Whether seductively delivering stalwarts like Sweet Nightingale and Brigg Fair or linking with The Claque on Four Pence A Day and Marrow Bones, it’s the rustic beauty of Oates’ voice that enthrals
Over the past few months, I’ve had a wonderful time exploring my interest in these songs in more detail; from the folklore of the cradle with its superstitions and customs, to the way in which lullabies can be outlets for the many aspects of parenthood. Through these unique songs children often uncomprehendingly becomes a parent’s confidant, hearing of the joys, grievances and anxieties of the adult world. At other times they are moral tales, bribes for good behaviour or spells to comfort. The variety of material, style and purpose has made this a fascinating journey.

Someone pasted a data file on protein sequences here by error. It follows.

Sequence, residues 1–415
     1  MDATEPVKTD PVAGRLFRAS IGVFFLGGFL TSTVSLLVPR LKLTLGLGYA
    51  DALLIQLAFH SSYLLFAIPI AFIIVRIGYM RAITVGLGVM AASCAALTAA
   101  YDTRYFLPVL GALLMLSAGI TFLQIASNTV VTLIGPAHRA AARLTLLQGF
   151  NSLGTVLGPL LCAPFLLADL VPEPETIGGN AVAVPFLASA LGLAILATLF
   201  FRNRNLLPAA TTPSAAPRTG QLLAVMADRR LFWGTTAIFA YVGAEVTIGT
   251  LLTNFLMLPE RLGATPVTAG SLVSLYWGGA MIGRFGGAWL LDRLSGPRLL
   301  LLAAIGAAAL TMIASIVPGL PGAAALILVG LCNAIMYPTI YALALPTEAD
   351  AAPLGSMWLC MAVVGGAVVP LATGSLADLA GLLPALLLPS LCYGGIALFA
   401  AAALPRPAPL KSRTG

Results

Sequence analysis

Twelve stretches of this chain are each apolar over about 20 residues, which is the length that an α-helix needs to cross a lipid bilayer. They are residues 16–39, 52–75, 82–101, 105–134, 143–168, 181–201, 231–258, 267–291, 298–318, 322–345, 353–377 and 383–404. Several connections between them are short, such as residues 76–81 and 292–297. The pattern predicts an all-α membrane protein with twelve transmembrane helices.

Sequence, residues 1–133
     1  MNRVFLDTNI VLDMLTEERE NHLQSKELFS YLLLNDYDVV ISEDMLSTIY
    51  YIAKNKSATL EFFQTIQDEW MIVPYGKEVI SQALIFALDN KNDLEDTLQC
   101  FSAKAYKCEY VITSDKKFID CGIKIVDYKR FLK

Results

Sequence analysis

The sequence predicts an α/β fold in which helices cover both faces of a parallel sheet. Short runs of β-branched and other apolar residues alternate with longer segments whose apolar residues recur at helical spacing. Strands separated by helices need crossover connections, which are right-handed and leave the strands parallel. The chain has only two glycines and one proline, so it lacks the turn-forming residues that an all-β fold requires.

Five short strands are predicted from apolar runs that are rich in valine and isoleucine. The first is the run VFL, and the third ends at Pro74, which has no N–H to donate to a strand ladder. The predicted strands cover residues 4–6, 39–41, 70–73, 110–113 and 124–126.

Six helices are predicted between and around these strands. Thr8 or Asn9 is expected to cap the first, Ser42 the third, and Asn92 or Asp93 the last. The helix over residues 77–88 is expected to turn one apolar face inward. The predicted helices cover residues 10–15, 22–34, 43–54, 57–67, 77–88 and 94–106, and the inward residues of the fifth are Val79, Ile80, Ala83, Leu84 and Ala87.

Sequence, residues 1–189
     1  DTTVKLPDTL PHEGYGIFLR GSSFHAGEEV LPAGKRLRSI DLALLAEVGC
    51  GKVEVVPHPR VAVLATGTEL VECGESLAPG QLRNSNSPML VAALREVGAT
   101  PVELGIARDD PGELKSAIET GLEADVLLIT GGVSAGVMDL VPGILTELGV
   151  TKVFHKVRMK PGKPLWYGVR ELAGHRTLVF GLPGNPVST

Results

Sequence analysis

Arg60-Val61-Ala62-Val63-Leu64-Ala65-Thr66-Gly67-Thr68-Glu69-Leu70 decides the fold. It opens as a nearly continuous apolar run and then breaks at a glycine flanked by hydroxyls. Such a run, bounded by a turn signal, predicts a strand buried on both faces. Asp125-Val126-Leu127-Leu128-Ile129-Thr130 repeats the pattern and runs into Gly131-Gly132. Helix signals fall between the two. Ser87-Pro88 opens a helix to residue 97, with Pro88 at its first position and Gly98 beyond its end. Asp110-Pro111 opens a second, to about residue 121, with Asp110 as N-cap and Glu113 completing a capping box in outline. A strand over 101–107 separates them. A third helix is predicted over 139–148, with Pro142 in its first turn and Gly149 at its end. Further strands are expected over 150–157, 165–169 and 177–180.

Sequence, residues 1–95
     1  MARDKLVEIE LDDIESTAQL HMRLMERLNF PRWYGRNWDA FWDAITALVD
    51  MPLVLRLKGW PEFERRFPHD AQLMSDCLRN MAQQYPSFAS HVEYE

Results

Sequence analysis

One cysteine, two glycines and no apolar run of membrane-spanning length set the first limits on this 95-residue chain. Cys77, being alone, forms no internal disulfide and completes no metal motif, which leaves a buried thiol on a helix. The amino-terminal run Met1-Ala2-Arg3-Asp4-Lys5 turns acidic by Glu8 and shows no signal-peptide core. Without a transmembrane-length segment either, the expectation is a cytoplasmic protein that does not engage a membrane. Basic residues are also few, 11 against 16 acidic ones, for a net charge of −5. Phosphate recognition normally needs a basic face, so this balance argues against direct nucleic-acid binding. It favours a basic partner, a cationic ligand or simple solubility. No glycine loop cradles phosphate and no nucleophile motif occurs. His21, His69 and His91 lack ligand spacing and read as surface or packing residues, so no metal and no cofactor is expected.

What, for me, has come to light most of all has been the hidden nature of some of the richest of the traditional lullabies from England and beyond. They have been tucked away in song collections, manuscripts and memories and given little real status in the traditional song repertoire. Through this project I’m excited to be giving new life to these lullabies and to be putting a spotlight on this beautiful and very special form of song.’
On 18th March 2013 Jackie released an album of lullabies supported by two Lullabies tours in April and October 2013 during which she ran afternoon lullaby workshops for 0-4 year olds followed by an evening concert, based around the lullabies theme, for adults.
The project as a whole includes a new archive of lullabies collected by Jackie, being lodged in the Vaughan Williams Memorial Library at Cecil Sharp House in London, the home of the English Folk Dance & Song Society.